ITM-Power Claims Polymer Membrane Breakthrough in Hydrogen Electrolysers

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Thread: ITM-Power Claims Polymer Membrane Breakthrough in Hydrogen Electrolysers

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    ITM-Power Claims Polymer Membrane Breakthrough in Hydrogen Electrolysers

    ITM-Power's new polymer cuts the cost of membrane polymer
    John Dodge, Editor-in-Chief -- Design News, July 14, 2008

    A British company is claiming a breakthrough in electrolyser and fuel cell technology that promises to knock down one of hydrogen’s cost barriers.

    ITM-Power Plc of Saffron Waldon has developed a new polymer eight years in the making that its CEO Jim Heathcote claims cuts the cost of a square meter of membrane polymer from $500 to $5. Electrolyser membranes separate hydrogen from oxygen and convert it into an energy-carrying gas. In a fuel cell, the membrane separates hydrogen protons from electrons, which produce electrical current.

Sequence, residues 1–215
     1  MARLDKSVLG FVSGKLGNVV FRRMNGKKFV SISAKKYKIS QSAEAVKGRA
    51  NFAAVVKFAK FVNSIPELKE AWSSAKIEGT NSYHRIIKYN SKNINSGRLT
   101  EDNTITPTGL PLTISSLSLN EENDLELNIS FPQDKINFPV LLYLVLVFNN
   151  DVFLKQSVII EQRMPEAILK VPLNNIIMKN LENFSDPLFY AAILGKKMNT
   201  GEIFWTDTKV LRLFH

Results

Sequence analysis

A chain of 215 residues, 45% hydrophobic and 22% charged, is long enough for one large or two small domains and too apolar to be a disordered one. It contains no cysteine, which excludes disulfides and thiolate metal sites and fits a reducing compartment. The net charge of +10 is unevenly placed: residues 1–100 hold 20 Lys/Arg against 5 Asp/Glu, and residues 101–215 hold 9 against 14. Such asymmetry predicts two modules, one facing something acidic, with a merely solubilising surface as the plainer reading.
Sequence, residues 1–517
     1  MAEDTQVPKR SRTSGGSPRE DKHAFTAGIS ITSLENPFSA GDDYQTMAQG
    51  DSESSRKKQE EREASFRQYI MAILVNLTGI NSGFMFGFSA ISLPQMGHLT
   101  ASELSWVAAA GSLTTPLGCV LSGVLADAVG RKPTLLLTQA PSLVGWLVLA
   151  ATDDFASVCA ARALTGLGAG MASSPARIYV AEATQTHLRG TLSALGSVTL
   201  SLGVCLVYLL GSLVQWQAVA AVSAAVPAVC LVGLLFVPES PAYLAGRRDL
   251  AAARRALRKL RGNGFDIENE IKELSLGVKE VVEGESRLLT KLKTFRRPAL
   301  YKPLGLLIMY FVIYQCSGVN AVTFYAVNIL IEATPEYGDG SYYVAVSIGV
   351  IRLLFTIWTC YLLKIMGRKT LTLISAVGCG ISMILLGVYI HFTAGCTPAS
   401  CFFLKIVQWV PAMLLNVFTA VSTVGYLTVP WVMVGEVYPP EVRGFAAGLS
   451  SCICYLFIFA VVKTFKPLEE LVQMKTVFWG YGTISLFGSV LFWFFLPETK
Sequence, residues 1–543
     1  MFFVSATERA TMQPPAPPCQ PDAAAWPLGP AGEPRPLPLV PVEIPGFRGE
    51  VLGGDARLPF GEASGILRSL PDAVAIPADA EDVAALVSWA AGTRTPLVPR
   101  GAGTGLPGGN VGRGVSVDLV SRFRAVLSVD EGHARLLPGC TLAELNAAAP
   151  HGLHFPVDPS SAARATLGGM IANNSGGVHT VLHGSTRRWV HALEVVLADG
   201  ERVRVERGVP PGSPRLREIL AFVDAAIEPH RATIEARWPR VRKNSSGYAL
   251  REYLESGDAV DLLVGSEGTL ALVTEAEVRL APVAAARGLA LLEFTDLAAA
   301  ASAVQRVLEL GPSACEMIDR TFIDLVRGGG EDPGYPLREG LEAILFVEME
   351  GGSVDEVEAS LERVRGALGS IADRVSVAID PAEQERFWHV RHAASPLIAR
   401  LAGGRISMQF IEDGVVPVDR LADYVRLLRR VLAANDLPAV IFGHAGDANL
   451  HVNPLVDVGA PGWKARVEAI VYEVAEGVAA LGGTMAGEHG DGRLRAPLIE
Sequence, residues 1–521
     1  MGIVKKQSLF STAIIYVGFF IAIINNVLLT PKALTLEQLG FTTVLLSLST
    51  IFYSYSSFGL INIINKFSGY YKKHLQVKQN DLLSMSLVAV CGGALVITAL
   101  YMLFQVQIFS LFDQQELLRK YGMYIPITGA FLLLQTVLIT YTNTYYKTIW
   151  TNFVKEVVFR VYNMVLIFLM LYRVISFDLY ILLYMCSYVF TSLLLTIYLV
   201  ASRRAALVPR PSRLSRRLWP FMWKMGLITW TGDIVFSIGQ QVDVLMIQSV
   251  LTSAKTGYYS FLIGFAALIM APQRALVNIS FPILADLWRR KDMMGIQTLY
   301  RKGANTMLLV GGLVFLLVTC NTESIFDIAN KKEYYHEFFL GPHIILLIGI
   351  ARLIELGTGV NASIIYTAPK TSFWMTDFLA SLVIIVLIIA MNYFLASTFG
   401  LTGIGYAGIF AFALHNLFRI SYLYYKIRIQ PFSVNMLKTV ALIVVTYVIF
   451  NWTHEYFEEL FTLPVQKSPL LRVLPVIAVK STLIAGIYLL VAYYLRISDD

“The membrane is the most expensive component in an electrolyser,” says Heathcote. Now that ITM has built an electrolyser to demonstrate its membrane technology, it’s ready to license its patented membrane technology to electrolyser makers such as Proton Energy Systems or GE here or Norsk Hydro in Norway.

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    Re: ITM-Power Claims Polymer Membrane Breakthrough in Hydrogen Electrolysers

    Still doesn't solve hydrogen's biggest problem: lack of infrastructure. The true obstacle is the billions (and possibly trillions) of dollars that would have to be spent to build an infrastructure (manufacturing, transportation, new filling stations, different automotive designs, supplier setup, safety standards, etc). At the end of the day, the cost of the fuel cell is minor.